What good can come out of bad? Ask that question about the disaster that was Sendong and it would likely draw a blank. Two weeks after typhoon Sendong caused flashfloods in northern Mindanao, the number of casualties continues to rise. Thousands are still missing and the amount of damage to crops and properties is expected to reach billions of pesos. Affected families are facing an uncertain future even as they struggle with the painful present.
But yes, Virginia, there’s a flip side even to the direst situation. At the height of the flashfloods, ordinary beings rose to the scary challenge and managed to save lives. One of those heroes was not even human. In Cagayan de Oro, an unnamed mongrel showed seven-year-old Jennylou Yecyec why a dog deserves to be called man’s best friend. The canine was never seen again, but Jennylou survived to tell her story.
Similar tales of courage have been documented in Iligan and other badly hit areas. One news clip showed how a former convict, once shunned by neighbors because of his past, became an instant hero after he saved a number of people from drowning until daring the rampaging waters proved too risky for his own safety.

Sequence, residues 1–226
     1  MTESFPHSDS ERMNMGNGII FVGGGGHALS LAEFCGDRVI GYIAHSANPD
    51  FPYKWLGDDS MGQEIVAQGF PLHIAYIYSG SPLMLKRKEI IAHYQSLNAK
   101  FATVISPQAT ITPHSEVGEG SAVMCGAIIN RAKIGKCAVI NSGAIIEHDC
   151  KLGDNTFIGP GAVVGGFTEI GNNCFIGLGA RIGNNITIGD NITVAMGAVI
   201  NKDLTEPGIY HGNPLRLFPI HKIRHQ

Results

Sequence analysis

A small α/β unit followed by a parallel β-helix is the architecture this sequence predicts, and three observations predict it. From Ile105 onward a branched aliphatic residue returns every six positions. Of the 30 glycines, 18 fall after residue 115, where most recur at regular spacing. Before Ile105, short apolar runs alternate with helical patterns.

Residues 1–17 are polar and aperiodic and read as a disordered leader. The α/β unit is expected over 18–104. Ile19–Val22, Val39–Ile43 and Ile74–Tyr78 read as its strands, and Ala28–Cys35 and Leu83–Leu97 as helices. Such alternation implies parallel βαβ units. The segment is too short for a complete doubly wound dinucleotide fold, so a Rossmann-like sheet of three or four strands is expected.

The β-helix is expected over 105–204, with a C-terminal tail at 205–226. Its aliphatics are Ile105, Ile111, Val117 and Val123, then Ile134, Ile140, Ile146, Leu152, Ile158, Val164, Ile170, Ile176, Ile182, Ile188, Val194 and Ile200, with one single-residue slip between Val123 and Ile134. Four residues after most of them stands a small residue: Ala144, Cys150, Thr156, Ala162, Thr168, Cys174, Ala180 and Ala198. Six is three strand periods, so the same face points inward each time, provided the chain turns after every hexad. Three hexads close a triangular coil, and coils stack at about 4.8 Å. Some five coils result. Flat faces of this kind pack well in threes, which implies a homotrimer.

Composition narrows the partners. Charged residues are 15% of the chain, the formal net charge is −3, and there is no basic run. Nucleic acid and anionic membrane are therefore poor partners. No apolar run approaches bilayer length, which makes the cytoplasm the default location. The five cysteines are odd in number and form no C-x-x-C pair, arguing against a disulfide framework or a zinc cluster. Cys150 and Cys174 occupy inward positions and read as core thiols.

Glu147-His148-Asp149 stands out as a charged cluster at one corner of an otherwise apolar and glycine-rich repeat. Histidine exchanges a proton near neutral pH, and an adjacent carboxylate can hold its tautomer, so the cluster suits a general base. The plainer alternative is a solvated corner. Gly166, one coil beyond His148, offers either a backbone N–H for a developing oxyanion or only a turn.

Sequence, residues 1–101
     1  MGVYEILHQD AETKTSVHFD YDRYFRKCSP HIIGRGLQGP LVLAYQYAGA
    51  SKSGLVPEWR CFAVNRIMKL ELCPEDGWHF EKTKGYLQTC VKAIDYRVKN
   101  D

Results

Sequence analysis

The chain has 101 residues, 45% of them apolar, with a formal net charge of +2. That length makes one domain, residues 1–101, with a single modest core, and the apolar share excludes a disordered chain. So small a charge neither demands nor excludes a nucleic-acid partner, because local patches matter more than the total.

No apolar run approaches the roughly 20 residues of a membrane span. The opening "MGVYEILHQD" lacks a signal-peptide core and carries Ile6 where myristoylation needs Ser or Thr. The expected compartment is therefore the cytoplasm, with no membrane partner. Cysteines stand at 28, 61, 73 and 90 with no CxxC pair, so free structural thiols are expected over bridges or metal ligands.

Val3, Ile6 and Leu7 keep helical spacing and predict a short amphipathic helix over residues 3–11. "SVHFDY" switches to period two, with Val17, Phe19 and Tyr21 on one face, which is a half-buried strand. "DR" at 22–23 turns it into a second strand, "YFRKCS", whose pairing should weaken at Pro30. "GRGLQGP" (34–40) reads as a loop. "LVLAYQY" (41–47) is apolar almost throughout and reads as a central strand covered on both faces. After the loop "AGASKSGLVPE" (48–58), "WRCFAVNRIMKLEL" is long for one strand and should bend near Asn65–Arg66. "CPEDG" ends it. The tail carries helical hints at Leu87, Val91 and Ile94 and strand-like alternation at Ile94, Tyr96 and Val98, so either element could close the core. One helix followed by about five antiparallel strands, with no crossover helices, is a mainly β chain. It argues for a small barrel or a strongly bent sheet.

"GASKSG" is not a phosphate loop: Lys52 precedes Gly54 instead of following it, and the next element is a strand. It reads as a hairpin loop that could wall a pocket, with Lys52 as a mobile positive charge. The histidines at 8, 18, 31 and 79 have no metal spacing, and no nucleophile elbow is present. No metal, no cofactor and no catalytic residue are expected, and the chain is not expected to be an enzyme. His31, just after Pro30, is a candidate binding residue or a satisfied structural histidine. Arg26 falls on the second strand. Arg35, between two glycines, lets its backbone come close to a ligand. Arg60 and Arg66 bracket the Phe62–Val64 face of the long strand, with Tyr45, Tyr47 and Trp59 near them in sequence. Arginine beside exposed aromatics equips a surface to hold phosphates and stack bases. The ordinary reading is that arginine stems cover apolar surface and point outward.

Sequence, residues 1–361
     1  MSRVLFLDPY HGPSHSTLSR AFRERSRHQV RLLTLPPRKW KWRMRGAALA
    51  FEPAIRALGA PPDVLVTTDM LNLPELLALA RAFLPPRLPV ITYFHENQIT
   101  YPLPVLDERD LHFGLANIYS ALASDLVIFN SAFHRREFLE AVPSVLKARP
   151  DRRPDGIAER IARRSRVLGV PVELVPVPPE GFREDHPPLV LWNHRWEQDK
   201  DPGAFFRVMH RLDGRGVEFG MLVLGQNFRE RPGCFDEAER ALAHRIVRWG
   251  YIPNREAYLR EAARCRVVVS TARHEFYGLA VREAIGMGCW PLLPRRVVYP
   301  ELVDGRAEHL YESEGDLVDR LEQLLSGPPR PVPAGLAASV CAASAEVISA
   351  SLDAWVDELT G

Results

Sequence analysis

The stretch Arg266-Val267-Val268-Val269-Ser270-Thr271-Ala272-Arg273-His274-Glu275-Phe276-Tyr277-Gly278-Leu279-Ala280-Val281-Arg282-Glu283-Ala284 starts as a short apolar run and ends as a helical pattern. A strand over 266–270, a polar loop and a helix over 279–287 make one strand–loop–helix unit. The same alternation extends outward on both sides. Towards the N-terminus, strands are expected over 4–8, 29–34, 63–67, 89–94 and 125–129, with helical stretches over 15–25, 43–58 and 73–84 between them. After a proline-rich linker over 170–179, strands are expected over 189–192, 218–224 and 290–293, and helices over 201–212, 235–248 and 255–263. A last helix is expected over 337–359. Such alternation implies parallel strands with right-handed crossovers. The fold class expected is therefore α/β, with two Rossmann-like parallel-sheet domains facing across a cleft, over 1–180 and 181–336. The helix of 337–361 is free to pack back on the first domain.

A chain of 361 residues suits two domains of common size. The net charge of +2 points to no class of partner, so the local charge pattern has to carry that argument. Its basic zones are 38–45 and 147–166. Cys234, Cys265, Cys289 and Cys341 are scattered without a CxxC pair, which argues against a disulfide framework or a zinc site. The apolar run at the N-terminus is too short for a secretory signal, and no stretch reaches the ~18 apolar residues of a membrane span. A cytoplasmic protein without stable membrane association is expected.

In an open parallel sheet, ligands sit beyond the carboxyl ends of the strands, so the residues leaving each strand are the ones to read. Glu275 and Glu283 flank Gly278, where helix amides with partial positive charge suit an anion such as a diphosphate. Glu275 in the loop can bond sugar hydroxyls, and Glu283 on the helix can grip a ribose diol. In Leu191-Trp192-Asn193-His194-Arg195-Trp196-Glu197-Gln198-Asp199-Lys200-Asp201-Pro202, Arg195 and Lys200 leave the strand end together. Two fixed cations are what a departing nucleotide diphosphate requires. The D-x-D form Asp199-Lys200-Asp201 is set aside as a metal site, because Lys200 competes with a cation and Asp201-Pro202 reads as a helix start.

Even the toughest inmates in the New Bilibid Prisons revealed their soft side by pulling together what they could in cash and in kind to help out. They also skipped meals, the cash equivalent of which was donated to the affected families in Mindanao. Their counterparts in Zamboanga del Sur Reformatory Center in Pagadian City, meanwhile, used their carpentry skills to make coffins, which were in short supply, as their way of contributing to those who lost their loved ones in the flood.
Matthew Lance Carandang is a fitting proof that compassion knows no age. Moved by what he has seen in the news, the six-year-old wasted no time and visited a radio station to give his share for the young flood victims. Please click here to view the news clip.